January 2017

Psychology Today Magazine January 2017

Freeing Up

2-Minute Memoir: Freeing Up

By Jeremy Sherman Ph.D.
Inherited wealth felt more like a burden than a blessing to a young man.
Image: Luen Yang

Eccentric's Corner: All-American Angst

By Gary Drevitch
Gene Luen Yang is launching a radical new take on America's most iconic hero.
Image: red origami crane

Rough Day? Hit Reset

By Matthew Hutson
We're equipped with a number of tools to annihilate stress and grow from conflict.
Illustration: Iconic moments in romance films

What Love Really Looks Like

By Matt Huston, Bethany Radcliff
How our lofty ideas about love relate to the real thing.
A Double-Edged Hormone

A Double-Edged Hormone

By Matt Huston
Testosterone may spur both benevolent acts and aggressive ones.
Passion’s Frontier

Passion’s Frontier

By Pimrapee Thungkasemvathana
Author Carrie Jenkins explores the forces that limit and expand notions of romantic love.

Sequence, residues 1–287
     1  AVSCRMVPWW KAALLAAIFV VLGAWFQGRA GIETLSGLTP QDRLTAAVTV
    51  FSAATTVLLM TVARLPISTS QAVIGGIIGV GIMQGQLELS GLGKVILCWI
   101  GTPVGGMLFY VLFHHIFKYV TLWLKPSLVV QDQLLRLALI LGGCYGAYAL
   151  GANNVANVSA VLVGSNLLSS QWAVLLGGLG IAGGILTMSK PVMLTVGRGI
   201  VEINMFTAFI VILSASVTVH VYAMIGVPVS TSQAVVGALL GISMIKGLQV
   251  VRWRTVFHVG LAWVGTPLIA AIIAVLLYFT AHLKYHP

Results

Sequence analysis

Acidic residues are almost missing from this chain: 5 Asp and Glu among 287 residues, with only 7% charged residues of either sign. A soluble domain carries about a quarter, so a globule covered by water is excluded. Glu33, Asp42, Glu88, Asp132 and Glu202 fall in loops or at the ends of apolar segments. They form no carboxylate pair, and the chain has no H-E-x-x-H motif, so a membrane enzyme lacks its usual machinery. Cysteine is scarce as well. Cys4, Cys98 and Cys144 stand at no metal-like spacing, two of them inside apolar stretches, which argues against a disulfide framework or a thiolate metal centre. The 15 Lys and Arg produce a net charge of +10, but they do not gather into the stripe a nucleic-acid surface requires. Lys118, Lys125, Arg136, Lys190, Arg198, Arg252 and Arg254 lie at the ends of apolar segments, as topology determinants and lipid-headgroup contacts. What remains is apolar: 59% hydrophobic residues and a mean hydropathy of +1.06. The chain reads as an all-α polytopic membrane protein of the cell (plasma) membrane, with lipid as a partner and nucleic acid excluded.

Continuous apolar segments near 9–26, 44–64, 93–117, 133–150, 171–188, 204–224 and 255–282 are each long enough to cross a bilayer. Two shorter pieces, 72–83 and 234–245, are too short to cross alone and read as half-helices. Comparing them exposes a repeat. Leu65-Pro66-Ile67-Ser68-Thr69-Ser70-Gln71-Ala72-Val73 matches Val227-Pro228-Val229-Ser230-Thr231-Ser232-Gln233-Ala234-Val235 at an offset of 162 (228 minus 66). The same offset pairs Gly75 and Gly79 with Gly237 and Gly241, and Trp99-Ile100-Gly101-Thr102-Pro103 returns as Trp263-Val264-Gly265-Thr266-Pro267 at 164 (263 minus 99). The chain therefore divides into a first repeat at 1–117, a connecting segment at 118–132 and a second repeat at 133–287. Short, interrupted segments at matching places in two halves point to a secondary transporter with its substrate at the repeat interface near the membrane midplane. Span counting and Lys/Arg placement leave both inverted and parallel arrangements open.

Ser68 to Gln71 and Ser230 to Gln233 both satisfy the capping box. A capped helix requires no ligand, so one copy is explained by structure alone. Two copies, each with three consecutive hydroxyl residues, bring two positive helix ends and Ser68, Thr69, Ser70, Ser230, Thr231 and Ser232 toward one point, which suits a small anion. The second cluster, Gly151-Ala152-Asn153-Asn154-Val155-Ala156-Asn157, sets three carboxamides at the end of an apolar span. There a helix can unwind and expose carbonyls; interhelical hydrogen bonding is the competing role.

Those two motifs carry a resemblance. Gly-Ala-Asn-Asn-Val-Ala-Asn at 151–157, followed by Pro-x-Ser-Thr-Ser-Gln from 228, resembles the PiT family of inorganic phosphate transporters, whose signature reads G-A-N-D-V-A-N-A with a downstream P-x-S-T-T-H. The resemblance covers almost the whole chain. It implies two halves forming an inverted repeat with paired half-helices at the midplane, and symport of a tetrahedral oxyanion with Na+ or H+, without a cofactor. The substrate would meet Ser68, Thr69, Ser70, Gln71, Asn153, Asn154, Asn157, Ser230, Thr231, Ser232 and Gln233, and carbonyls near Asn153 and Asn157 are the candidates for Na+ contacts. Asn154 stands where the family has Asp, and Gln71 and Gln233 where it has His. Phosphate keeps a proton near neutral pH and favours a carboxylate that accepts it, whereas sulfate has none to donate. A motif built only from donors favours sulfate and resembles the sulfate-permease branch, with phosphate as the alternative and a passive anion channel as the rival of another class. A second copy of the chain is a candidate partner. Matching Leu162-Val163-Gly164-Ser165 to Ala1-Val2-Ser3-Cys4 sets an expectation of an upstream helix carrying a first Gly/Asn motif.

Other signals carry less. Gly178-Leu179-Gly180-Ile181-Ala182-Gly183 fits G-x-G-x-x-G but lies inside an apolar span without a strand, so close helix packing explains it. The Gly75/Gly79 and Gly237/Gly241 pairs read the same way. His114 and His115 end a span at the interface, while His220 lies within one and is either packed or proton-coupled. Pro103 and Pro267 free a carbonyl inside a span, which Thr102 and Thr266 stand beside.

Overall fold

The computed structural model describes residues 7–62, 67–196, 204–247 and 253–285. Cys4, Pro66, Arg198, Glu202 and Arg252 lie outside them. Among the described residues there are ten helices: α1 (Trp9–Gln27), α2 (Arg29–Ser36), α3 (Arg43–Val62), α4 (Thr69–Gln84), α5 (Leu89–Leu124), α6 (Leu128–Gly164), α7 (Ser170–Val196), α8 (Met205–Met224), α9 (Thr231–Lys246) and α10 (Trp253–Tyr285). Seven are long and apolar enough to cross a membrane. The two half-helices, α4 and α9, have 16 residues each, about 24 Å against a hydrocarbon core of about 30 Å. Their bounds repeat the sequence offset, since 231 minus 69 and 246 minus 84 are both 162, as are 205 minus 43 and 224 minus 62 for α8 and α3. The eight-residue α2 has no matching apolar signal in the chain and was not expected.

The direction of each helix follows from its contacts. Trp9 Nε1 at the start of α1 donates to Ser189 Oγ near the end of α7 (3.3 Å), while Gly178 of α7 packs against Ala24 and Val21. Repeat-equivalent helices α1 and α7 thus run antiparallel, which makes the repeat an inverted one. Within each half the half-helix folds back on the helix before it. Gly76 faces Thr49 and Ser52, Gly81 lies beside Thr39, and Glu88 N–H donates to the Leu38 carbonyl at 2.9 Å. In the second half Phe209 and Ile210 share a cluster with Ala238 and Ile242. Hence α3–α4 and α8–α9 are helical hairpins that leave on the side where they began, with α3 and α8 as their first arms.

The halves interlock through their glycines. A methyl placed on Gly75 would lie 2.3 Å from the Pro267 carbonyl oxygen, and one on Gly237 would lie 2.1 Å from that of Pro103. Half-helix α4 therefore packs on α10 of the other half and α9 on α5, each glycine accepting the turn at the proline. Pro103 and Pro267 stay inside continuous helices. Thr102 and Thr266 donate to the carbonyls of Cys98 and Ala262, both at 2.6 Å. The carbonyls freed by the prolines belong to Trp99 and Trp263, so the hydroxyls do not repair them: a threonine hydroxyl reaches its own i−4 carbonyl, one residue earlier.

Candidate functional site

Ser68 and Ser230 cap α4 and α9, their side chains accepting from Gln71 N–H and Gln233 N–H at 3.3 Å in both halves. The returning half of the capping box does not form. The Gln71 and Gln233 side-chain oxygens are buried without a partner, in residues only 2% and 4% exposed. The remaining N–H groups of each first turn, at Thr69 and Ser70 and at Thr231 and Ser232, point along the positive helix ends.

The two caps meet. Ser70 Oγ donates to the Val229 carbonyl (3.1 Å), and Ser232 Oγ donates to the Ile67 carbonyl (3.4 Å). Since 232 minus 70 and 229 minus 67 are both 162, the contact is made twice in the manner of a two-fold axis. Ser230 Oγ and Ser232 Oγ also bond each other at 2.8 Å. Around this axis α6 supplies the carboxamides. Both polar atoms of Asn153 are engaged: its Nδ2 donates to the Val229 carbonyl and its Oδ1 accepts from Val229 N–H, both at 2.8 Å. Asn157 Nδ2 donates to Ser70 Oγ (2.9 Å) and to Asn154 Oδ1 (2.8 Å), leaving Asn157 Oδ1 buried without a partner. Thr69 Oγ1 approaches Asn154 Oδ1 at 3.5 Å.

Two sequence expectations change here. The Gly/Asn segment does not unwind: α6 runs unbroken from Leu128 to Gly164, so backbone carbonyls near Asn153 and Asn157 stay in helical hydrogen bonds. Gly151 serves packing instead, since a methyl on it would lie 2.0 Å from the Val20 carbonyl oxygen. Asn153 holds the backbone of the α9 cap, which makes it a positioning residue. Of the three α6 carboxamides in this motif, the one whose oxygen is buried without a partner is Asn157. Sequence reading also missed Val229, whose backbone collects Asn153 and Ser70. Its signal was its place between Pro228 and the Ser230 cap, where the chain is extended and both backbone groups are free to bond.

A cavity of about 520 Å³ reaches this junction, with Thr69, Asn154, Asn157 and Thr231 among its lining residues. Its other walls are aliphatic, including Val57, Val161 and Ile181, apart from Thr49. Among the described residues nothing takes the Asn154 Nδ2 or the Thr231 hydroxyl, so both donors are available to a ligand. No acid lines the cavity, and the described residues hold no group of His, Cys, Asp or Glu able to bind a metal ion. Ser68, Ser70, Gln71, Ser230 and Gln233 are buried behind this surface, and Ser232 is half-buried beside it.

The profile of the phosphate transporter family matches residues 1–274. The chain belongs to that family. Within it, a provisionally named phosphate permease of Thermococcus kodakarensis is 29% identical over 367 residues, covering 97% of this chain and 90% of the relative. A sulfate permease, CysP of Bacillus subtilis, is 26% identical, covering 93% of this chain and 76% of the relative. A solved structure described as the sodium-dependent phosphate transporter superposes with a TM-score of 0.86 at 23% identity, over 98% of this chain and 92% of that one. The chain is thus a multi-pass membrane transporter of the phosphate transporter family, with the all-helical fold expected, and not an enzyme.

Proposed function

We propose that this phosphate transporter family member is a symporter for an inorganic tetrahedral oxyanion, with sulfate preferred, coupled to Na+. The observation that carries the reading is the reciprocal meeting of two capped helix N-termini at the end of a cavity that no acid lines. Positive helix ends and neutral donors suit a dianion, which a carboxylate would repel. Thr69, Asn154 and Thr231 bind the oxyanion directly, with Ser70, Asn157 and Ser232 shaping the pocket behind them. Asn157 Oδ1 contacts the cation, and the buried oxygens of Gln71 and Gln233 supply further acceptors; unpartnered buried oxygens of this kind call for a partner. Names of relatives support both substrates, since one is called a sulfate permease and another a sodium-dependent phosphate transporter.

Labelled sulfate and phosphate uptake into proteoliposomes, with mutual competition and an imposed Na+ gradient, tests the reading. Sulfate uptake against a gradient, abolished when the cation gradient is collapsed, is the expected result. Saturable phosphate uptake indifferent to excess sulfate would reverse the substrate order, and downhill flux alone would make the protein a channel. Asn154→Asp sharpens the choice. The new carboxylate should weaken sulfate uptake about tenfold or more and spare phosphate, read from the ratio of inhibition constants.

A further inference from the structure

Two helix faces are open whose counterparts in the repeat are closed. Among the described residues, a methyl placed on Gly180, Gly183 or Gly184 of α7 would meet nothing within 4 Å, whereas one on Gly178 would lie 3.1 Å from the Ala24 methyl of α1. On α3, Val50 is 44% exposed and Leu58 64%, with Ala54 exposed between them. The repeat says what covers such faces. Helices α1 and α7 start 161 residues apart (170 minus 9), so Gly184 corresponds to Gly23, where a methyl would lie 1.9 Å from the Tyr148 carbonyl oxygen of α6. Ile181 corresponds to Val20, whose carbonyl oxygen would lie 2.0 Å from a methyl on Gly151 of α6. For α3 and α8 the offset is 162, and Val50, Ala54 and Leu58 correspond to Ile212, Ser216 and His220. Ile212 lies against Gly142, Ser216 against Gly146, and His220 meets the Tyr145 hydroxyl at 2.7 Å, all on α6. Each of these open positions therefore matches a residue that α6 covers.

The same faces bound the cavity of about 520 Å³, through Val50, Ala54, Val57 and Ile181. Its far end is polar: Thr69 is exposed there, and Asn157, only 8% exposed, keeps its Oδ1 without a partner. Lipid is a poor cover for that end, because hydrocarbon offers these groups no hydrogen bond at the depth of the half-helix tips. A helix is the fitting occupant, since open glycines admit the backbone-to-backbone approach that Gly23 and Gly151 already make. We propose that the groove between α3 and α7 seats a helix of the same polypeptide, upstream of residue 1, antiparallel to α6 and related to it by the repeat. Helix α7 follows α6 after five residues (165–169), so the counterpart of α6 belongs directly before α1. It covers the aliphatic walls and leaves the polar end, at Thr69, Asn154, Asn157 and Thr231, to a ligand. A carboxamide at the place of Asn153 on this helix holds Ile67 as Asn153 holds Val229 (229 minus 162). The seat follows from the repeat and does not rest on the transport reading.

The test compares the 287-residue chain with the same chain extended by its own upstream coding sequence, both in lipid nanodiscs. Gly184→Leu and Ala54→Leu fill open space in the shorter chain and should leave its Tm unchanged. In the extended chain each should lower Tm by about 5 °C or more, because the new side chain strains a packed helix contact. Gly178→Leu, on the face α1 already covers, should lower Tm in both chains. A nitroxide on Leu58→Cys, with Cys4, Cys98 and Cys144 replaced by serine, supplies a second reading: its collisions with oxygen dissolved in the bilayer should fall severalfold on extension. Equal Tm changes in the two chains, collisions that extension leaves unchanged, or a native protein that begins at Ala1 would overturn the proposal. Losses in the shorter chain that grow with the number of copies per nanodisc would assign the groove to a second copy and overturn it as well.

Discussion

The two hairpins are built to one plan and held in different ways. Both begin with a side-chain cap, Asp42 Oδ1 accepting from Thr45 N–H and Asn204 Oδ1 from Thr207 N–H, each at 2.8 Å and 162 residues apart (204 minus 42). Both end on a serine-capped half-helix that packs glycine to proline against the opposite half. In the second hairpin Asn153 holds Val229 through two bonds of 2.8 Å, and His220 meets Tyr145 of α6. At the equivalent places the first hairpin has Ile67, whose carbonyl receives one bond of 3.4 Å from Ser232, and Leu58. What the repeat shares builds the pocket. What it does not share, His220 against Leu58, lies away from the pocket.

Cause for Hope

Cause for Hope

By Shira Polan
A better understanding of suicide risk and the protective role of connectedness is emerging.
Image: Candles slowly burning out

Dispatches From the End of Life

By Matt Huston
Medical advances have shifted the boundary between life and death.
Little Kids Are Already Judging You

Little Kids Are Already Judging You

By Joshua Alvarez
Young children are surprisingly skilled at evaluating other people.
Welcome to Beard City

Welcome to Beard City

By Matt Huston
Does population size influence the popularity of facial hair?

Nature's Bounty: Palate and Possibility

By Hara Estroff Marano
One of the most important ways humans adapt to their environments: via the stomach.

Supplemental Science: The Case for Choline

By Hara Estroff Marano
Most Americans get nowhere near enough choline.